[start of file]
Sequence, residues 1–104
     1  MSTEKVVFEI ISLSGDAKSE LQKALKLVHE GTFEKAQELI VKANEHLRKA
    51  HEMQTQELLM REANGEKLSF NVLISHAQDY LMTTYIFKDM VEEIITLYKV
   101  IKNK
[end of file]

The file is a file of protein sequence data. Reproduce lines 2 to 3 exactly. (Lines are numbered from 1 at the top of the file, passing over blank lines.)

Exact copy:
     1  MSTEKVVFEI ISLSGDAKSE LQKALKLVHE GTFEKAQELI VKANEHLRKA
    51  HEMQTQELLM REANGEKLSF NVLISHAQDY LMTTYIFKDM VEEIITLYKV